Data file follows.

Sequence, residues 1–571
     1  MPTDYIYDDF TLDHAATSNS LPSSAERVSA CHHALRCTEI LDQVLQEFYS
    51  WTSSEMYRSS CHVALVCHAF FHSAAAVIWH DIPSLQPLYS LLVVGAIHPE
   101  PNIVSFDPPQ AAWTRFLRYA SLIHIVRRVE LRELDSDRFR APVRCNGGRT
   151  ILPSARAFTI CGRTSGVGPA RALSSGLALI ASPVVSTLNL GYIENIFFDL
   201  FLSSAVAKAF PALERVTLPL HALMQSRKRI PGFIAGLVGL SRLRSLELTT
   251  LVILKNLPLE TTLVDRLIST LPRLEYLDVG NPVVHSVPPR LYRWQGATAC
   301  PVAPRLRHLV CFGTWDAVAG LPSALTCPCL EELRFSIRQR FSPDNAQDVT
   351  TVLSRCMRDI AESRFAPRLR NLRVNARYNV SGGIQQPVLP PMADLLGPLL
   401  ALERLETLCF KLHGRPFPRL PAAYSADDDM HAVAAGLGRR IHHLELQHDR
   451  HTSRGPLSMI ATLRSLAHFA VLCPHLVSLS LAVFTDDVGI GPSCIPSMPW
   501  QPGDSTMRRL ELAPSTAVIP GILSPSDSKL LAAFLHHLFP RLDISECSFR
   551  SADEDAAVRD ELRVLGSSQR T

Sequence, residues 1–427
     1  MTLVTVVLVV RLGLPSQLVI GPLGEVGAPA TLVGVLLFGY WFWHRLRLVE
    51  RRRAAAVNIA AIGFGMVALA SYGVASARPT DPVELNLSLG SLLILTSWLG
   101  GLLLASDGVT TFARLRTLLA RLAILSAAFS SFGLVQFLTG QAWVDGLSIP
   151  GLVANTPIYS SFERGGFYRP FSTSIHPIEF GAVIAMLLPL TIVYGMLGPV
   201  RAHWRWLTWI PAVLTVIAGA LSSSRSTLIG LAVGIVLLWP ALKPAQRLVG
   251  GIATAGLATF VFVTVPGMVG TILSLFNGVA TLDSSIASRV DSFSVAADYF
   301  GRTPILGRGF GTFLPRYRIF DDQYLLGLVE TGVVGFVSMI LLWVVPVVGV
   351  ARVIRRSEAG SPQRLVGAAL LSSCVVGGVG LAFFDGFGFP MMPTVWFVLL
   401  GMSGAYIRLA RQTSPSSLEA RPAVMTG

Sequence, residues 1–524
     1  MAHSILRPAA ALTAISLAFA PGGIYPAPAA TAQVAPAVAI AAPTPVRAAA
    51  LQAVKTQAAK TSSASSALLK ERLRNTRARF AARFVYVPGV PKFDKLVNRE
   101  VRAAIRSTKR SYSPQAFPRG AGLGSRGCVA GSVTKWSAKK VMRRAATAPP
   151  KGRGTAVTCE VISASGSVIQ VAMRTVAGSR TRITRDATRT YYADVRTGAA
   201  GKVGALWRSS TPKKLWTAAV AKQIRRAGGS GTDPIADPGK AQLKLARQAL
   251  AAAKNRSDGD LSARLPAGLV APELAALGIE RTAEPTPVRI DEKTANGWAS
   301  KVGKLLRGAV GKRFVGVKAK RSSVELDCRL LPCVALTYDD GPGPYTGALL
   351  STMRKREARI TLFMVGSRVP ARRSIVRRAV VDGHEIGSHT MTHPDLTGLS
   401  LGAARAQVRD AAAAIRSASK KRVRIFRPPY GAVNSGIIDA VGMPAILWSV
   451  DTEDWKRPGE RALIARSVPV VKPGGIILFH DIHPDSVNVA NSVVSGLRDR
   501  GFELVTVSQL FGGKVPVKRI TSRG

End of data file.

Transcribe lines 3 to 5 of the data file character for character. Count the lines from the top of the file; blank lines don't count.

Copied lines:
    51  WTSSEMYRSS CHVALVCHAF FHSAAAVIWH DIPSLQPLYS LLVVGAIHPE
   101  PNIVSFDPPQ AAWTRFLRYA SLIHIVRRVE LRELDSDRFR APVRCNGGRT
   151  ILPSARAFTI CGRTSGVGPA RALSSGLALI ASPVVSTLNL GYIENIFFDL